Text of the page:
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A Tale of 1852That whole part of the Terek line (about fifty miles) along which lie the villages of the Grebensk Cossacks is uniform in character both as to country and inhabitants. The Terek, which separates the Cossacks from the mountaineers, still flows turbid and rapid though already broad and smooth, always depositing grayish sand on its low reedy right bank and washing away the steep, though not high, left bank, with its roots of century-old oaks, its rotting plane trees, and young brushwood. On the right bank lie the villages of pro-Russian, though still somewhat restless, Tartars. Along the left bank, back half a mile from the river and standing five or six miles apart from one another, are Cossack villages. In olden times most of these villages were situated on the banks of the river; but the Terek, shifting northward from the mountains year by year, washed away those banks, and now there remain only the ruins of the old villages and of the gardens of pear and plum trees and poplars, a...


Elisée Reclus' "Fragment of a Voyage to New Orleans " The following introduction to and translation of Reclus' "Voyage" was published in Mesechabe #11 (Winter 1993), pp. 14-17 and #12 (Spring 1994), pp. 17-22. A revised version, with illustrations and a much expanded introduction is forthcoming as a pamphlet from Glad Day Books. The editors and translators have also completed a collection of Reclus' writings, with extensive commentary on his ideas, entitled Liberty, Equality, Geography: The Social Thought of Elisée Reclus. They are at work on another Reclus collection entitled An Anarchist in the Old South: Elisée Reclus on Slavery and Antebellum Society. This work appears in Anarchy Archives with permission from John C... (From : Anarchy Archives.)

The new arrivals are forlorn and dejected, a look of fear and despair in their eyes. The long-timers among them seem dazed, as if with some terrible shock, and fall upon the bed in stupor-like sleep. The boys from the reformatories, some mere children in their teens, weep and moan, and tremble at the officer's footstep. Only the "repeaters" and old-timers preserve their composure, scoff at the "fresh fish," nod at old acquaintances, and exchange vulgar pleasantries with the guards. But all soon grow nervous and irritable, and stand at the door, leaning against the bars, an expression of bewildered hopelessness or anxious expectancy on their faces. They yearn for companionship, and are pathetically eager to talk, to hear the sound of a voice, to unbosom their heavy hearts. I am minutely familiar with every detail of their "case," their life-history, their hopes and fears. Through the endless weeks and months on the range, their tragedies are the sole subject of conversation...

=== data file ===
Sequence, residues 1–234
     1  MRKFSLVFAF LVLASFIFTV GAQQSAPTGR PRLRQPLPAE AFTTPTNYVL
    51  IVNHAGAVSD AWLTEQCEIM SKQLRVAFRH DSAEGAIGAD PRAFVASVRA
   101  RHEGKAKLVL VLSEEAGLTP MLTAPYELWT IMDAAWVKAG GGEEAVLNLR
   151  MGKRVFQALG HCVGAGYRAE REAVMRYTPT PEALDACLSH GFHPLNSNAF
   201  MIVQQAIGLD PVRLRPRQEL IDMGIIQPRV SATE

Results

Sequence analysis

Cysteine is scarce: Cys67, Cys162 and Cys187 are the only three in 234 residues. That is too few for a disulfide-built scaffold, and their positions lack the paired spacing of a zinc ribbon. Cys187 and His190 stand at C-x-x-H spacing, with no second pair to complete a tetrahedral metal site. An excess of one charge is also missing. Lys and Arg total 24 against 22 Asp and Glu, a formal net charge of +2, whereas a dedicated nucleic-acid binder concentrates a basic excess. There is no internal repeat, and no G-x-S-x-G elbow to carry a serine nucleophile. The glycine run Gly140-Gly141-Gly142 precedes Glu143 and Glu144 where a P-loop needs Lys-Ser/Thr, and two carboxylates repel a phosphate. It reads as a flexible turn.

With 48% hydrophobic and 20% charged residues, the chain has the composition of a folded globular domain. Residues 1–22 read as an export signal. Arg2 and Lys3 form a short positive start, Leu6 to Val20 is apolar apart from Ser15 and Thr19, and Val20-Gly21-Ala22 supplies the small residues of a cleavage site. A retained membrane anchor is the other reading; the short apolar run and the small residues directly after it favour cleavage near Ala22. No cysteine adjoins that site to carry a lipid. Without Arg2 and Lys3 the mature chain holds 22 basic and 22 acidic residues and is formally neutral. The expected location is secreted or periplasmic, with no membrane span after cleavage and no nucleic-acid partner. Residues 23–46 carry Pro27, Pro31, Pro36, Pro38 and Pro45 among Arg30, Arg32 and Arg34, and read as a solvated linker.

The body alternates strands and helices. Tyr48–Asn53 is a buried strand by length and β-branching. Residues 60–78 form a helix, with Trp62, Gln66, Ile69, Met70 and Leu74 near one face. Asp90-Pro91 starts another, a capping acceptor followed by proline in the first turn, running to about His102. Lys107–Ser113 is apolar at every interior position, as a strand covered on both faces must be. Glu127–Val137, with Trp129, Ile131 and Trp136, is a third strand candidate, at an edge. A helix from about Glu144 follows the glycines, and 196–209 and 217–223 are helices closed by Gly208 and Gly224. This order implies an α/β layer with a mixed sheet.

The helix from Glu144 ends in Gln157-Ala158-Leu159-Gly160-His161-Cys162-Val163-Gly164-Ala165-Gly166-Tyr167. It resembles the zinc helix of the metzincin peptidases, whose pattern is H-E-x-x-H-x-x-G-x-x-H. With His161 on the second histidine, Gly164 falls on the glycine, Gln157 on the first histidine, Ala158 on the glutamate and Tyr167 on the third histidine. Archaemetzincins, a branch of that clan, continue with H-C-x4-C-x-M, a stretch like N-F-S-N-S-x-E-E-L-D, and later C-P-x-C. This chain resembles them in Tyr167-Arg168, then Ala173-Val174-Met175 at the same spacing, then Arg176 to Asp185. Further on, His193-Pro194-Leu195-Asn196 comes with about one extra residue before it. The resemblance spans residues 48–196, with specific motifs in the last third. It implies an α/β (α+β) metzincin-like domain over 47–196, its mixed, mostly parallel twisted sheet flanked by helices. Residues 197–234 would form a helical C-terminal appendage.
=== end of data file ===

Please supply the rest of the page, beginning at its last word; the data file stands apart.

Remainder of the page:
SEVASTOPOL IN DECEMBER, 1854. The flush of morning has but just begun to tinge the sky above Sapun Mountain; the dark blue surface of the sea has already cast aside the shades of night and awaits the first ray to begin a play of merry gleams; cold and mist are wafted from the bay; there is no snow—all is black, but the morning frost pinches the face and crackles underfoot, and the far-off, unceasing roar of the sea, broken now and then by the thunder of the firing in Sevastopol, alone disturbs the calm of the morning. It is dark on board the ships; it has just struck eight bells. Toward the north the activity of the day begins gradually to replace the nocturnal quiet; here the relief guard has passed clanking their arms, there the doctor is already hastening to the hospital, further on the soldier has crept out of his earth hut and is washing his sunburnt face in ice-encrusted water, and, turning towards the crimsoning east, crosses himself quickly...

After Anna Mikháylovna had driven off with her son to visit Count Cyril Vladímirovich Bezúkhov, Countess Rostóva sat for a long time all alone applying her handkerchief to her eyes. At last she rang. “What is the matter with you, my dear?” she said crossly to the maid who kept her waiting some minutes. “Don’t you wish to serve me? Then I’ll find you another place.” The countess was upset by her friend’s sorrow and humiliating poverty, and was therefore out of sorts, a state of mind which with her always found expression in calling her maid “my dear” and speaking to her with exaggerated politeness. “I am very sorry, ma’am,” answered the maid. “Ask the count to come to me.” The count came waddling in to see his wife with a rather guilty look as usual. “Well, little countess? What a sauté of...

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